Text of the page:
exposing the dark side of adoption
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Foreign Couples Flock To Romania To Adopt Babies



BUCHAREST, Romania -- Joe and Carol Stevens wandered the corridors of the St. Ecaterina Children`s Home looking at babies in cots and toddlers in playpens.

The Stevens are here, as are many other foreigners these days, trying to adopt a Romanian child.

Frustrated by a year of delay and bureaucracy in the United States, they have carried their search for a baby to this revolution-torn country.

"To help a child in a difficult situation makes it even more worthwhile," said Carol Stevens, whose parents were Romanian emigres.

Under executed dictator Nicolae Ceausescu, Romanian women were expected to have at least five children, many of whom were unwanted and simply handed to the state by parents unable to cope in a society short of food, heating and living room.

Abortion was banned for women under 45 with fewer than five children, and birth control was illegal.

The result was that children`s homes became increasingly crowded. At St. Ecaterina`s there are 730 children.

In the children`s home, behind windows painted with Walt Disney cartoon characters, a 10-month-old blond, blue-eyed boy, Mihai Bacaunu, nicknamed "Angel," stood in his cot smiling and gurgling at visitors.

A search is on for his mother to get her permission for adoption by an English family.

In another corridor, a little dark-haired girl with button eyes below her curls ran up to Carol Stevens and leapt into her arms. She was intrigued by the fur coat, the likes of which she had never seen, but was wary of Joe Stevens, so used was she to being surrounded by women doctors and nurses.

The Stevens were quietly told that an Italian couple had chosen the girl just 24 hours earlier.

In another room, Joe, of Polish-Italian extraction, was drawn to a second dark-haired little girl. The nurse picked her out of the playpen and handed her to him.

The Stevens arrived from Detroit last week, having heard that adoption in Romania was easier than in the United States. Carol Stevens is active in the Detroit-Romanian Orthodox Church.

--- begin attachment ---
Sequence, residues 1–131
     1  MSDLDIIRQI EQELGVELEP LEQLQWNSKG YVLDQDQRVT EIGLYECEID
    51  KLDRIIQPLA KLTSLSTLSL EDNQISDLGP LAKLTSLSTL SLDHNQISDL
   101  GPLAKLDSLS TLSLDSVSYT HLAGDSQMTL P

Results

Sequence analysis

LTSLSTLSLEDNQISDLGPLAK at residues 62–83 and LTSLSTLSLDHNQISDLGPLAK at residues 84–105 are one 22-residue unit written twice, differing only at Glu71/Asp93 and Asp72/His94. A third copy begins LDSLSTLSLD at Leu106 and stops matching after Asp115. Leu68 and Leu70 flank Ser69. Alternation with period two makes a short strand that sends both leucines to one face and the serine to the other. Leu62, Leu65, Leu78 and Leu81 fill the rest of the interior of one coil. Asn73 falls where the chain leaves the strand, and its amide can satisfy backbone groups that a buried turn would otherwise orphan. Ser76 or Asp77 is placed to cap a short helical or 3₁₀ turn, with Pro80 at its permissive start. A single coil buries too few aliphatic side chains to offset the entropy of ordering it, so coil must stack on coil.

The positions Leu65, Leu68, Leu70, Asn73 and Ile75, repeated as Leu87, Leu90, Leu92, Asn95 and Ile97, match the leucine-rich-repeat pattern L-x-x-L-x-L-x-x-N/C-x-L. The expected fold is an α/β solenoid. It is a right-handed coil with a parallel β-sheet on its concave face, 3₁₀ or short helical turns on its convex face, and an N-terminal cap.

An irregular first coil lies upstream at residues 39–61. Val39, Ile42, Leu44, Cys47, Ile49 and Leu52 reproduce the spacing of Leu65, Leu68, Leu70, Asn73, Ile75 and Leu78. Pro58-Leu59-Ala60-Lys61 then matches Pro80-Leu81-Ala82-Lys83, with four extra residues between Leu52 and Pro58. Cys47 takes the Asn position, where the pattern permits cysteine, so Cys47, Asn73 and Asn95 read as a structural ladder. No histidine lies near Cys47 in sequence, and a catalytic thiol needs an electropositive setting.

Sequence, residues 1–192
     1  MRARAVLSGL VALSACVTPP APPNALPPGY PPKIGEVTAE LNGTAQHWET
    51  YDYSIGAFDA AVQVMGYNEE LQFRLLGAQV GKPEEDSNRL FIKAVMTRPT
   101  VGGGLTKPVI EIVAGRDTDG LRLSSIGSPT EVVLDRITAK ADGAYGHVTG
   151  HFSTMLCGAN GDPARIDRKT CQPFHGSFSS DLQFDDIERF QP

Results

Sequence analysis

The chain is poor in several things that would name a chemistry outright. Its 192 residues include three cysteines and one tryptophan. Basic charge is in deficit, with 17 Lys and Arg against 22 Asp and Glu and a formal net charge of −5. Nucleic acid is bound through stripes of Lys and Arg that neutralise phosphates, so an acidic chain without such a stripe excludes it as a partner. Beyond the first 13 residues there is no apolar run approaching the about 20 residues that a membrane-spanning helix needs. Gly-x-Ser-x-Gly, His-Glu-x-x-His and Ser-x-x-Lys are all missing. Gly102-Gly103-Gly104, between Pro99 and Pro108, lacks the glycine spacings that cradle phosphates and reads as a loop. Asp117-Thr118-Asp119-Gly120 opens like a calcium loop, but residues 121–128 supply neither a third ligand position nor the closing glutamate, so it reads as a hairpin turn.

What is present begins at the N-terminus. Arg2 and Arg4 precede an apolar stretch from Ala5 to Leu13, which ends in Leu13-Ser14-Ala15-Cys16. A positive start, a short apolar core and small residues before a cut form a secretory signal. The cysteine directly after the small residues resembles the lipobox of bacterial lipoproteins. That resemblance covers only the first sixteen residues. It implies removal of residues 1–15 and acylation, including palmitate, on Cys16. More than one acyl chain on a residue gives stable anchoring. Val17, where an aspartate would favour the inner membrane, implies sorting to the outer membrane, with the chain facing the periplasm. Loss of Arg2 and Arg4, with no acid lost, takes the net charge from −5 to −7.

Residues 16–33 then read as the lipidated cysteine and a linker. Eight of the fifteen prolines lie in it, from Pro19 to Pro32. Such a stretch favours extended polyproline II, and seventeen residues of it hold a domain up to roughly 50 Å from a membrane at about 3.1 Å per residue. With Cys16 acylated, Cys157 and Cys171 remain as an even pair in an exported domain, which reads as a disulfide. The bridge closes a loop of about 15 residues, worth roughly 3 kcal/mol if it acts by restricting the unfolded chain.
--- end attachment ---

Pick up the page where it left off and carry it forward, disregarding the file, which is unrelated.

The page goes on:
They were on their second visit to St. Ecaterina`s. On their first last Friday, they helped baptize two babies.

"You hold onto them for an hour and it`s hard to let go," Joe Stevens said.

They were still not sure how they would manage to take one, or preferably two, Romanian babies home with them.

Asked the sort of baby he was seeking, he replied: "I`m pretty flexible. I would like to get a boy and a girl, but we are just going with the flow. I don`t know what is possible."

Romanian law requires that adoptive parents be healthy and married, with the woman aged under 45, at least one of the couple employed, neither having a criminal record, and both offering a stable and comfortable home.

The National Salvation Front, the interim government, has been so outraged by reports that Romanian babies are for sale, as it has been claimed, that it has brought all future foreign adoptions under its own direct approval.

Explaining the new policy, lawyer Traistaru, said: "We do not sell children. Ceausescu sold children. He used these babies for his diplomatic and political interests."

She said that the Front`s priority was to make it easier and quicker for Romanians and foreigners to adopt children in state care.

"The Romanian state now says `let the Romanian people take their own children back or adopt children because they are our children."`

"But if we can satisfy the requests of foreigners, we will do it as far as we are able to afford it."

1990 Jan 25